Chapter

Unity and Complexity

Thomas Hurka

in Perfectionism

Published in print June 1996 | ISBN: 9780195101164
Published online November 2003 | e-ISBN: 9780199833276 | DOI: http://dx.doi.org/10.1093/0195101162.003.0009

Series: Oxford Ethics Series

Unity and Complexity

Show Summary Details

Preview

Continues the discussion of theoretical and practical perfection by examining the considerations that give some beliefs and intentions more quality and therefore value than others. It argues that Aristotelian considerations about rationality as essential to humans require measures of quality to be formal, considering only formal properties of beliefs and ends rather than their substantive content. There are two such measures: the extent of a belief's or end's content in space, time, and objects involved, and the degree to which different beliefs and ends are organized in a hierarchical structure. Together, these measures value explanatorily organized knowledge, a unified life, and complex, difficult activities such as games.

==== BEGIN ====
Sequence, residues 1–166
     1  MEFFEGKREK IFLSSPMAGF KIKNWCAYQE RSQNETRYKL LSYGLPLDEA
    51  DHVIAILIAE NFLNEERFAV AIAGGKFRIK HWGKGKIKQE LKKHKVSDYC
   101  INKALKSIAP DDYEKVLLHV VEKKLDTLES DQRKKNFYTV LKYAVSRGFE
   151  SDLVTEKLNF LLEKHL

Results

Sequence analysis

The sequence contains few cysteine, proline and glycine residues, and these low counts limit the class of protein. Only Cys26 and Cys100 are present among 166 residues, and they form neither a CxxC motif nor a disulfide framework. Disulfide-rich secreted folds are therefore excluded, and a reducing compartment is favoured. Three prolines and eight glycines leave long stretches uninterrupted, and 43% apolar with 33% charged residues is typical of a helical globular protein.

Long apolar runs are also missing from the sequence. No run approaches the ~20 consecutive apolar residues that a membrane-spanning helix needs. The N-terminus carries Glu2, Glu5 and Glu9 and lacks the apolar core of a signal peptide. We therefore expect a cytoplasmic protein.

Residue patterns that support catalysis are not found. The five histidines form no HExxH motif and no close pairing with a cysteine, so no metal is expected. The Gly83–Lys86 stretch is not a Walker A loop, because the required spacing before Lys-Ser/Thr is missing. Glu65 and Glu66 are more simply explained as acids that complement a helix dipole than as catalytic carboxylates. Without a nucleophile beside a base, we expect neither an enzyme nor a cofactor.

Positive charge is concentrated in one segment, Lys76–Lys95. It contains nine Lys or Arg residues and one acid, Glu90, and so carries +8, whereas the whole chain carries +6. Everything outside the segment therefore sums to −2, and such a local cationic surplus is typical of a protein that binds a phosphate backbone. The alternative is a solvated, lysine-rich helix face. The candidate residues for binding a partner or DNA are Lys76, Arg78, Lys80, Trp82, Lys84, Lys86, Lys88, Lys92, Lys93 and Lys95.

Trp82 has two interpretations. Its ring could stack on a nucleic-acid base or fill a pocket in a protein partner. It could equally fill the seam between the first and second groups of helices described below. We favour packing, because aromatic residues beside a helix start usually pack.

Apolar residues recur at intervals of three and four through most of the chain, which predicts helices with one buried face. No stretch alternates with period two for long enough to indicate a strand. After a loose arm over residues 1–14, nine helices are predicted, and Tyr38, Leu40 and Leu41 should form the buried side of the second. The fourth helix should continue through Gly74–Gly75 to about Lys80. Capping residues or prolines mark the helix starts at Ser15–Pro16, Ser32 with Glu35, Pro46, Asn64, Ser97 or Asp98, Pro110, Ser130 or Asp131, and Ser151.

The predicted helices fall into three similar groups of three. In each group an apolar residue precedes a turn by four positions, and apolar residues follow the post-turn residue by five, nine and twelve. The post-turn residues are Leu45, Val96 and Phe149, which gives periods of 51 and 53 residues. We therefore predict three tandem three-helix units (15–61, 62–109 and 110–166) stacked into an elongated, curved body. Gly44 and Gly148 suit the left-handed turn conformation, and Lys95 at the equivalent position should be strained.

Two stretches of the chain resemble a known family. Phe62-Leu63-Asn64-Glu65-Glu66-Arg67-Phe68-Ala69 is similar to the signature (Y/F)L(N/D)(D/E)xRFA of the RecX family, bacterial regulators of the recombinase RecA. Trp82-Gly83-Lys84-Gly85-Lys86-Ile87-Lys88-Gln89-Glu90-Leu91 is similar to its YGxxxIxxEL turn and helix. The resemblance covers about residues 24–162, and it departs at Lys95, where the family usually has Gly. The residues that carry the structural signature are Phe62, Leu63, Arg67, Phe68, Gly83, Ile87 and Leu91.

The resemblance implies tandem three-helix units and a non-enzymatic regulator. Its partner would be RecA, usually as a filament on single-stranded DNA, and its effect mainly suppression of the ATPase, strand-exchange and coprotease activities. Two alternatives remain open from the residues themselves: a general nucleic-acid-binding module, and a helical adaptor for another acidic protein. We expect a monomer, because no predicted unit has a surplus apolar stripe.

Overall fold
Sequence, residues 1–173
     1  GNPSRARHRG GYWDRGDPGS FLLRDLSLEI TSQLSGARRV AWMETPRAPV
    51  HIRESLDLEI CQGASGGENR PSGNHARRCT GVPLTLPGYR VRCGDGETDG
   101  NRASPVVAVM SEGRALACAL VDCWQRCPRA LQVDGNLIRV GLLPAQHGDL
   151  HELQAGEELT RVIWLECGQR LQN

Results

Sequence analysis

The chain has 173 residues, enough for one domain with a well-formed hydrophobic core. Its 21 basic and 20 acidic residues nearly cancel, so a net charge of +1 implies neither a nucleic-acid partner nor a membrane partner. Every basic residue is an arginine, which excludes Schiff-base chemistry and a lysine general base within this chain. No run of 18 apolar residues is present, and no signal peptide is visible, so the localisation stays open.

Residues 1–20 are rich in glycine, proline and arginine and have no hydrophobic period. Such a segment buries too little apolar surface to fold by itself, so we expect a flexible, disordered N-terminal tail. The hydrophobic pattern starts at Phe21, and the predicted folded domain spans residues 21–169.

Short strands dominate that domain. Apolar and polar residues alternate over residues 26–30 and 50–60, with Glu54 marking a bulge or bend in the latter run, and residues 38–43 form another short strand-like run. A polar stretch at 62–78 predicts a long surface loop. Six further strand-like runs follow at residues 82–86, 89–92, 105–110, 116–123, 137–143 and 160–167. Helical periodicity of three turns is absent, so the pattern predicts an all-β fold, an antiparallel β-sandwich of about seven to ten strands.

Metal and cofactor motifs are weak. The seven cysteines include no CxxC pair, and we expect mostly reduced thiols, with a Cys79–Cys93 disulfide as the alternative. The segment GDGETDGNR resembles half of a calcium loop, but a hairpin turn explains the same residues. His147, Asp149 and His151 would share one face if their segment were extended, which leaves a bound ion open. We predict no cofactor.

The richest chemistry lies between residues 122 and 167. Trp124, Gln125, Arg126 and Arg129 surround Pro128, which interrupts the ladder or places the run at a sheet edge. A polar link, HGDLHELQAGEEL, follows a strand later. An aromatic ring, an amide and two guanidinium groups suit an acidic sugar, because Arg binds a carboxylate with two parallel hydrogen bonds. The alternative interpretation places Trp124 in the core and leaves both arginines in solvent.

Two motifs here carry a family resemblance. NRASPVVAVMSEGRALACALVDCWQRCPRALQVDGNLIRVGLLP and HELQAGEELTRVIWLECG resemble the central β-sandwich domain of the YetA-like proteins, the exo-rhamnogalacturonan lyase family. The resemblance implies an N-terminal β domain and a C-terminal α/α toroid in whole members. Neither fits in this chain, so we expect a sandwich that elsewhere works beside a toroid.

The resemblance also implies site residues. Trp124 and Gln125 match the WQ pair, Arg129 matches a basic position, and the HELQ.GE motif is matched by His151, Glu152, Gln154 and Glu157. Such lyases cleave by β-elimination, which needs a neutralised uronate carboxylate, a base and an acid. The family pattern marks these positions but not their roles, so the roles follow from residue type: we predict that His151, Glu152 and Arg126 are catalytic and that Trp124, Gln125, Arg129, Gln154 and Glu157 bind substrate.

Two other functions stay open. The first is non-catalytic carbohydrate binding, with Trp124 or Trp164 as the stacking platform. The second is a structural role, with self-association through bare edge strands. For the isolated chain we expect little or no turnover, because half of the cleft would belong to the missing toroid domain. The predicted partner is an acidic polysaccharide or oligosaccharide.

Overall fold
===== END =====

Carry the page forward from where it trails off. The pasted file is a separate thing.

Keywords: belief; complexity; games; hierarchy; intention; quality; unified life; unity

Chapter.  7721 words.  Illustrated.

Subjects: Moral Philosophy

Full text: subscription required

How to subscribe Recommend to my Librarian

Buy this work at Oxford University Press »

Users without a subscription are not able to see the full content. Please, subscribe or login to access all content.